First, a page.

09.22.2022 | Linda J. Rosenthal, JD
Struggling to Measure Charitable Impact
For nonprofit leaders today, it’s no longer good enough to have programs and activities that are popular and apparently well-received or to have services that beneficiaries often use.
Recently, more and more funders are insisting that grant recipients demonstrate “impacts” of the funding they provide. That’s according to a recent “benchmarking survey,” Nonprofit Standards (June 2019), from BDO’s Institute for Nonprofit Excellence. It asks board chairs and chief executives about “key issues and trends” so they have the “data needed to make good decisions.” A particular finding of note is that, especially in the health and human services sector, “more and more funders want more information” – specifically – on “outcomes and impacts.” (emph. added)
According to Jacob Harold, now executive vice president of Candid, the organization formed after the merger of GuideStar and the Foundation Center, “there are three important pieces of information that a donor looks for: the organization’s impact, the legitimacy of the organization and the organization’s finances.”
Michael Thatcher, CEO of Charity Navigator, explains that – previously – the discussion in the nonprofit sector has been about “… where the money is going.” The focus is changing; “now it’s more of what the money is doing.”
What is “Impact”?
The bottom line is to “figure out ways to make sure that” money given to nonprofits – and to social enterprises – “will have an impact.” But what, exactly, does that mean? What information and data are required to determine impact? And how do nonprofits go about collecting the relevant data, evaluating and measuring it, and presenting it to the satisfaction of grantors and donors?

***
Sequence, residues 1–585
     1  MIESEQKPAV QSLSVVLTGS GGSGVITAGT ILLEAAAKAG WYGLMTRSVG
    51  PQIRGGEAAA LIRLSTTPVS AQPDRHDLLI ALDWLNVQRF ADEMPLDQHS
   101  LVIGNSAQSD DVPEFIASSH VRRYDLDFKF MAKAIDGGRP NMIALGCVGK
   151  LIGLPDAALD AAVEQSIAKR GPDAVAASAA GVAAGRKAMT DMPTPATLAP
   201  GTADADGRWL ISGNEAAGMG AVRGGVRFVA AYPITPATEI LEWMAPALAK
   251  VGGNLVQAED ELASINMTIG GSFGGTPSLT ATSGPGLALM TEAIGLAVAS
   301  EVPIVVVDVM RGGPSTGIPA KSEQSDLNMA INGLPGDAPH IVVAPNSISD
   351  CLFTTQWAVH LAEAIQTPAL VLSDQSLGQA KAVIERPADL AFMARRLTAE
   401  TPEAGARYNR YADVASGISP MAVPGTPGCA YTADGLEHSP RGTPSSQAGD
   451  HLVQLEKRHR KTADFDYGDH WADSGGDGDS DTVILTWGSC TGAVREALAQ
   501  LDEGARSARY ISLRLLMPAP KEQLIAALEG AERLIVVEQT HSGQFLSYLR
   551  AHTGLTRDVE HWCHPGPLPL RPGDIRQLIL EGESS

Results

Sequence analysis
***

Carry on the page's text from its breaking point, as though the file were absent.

In Measuring and Improving Social Impacts: A Guide for Nonprofits, Companies, and Impact Investors (2014) authors Marc J. Epstein and Kristi Yuthas describe with simple examples [at Table 2, p. 4] the difference between “goals based on outputs (outcomes)” vs. “goals based on impacts.”
For instance, Organization A says that it wants “to deliver meals to 10,000 homeless people.” That’s an “output goal.” When it says it wants “to reduce hunger by 5%,” that’s an “impact goal.” Or Organization B says it wants to “provide 1 million insecticide-soaked bed nets.” That’s an “output goal.” But the “impact goal” is better explained as wanting “to reduce malaria by 5,000 cases.” Similarly, for Organization C, the output is teaching “reading to 500 primary school students”; the impact is increasing “literacy in the village by 10%.”
“One common problem,” the authors explain, “is defining success in terms of what the organization produces rather than the impacts that result.” They acknowledge that “the distinctions here can be subtle, but it is essential that we focus on impacts for the following reasons: actions don’t always have the anticipated results, instincts aren’t always correct, and without understanding impacts it is difficult to improve them.”
“…Social impact metrics are a “defined system or standard of measurement to track the progress of change by your organization. Impact-oriented organizations use either standard metrics or custom metrics to track change.”
Challenges in Measuring Impact
You may be relieved to learn that “nonprofits have consistently been challenged with measuring their impact,” said NetHope CEO Lauren Woodman. “As these organizations work to expand their mission by acquiring more donors and increasing gift size, there’s never been a more important time to provide visibility into the results.” And just 18% of senior nonprofit executives reported in this most recent BDO benchmarking survey that they “offer their donors and funders access to real-time reports” instead of annual reports (65 percent), emails (54 percent) and one-on-one meetings (39 percent).”
In Measuring for Impact: It’s Not a ‘One-Size-Fits-All’, Nhu Te, editor-in-chief for Nonprofit PRO, explains in more detail how that the nonprofit sector “has been struggling with figuring out the right way to articulate impact and across all of the different areas of the sector.” Part of the challenge is developing useful “taxonomy or language for measuring” it, given the breadth and scope of nonprofit organizations. But she emphasizes that while “quantifying impact is not easy,” that doesn’t mean that philanthropy experts and leaders shouldn’t try.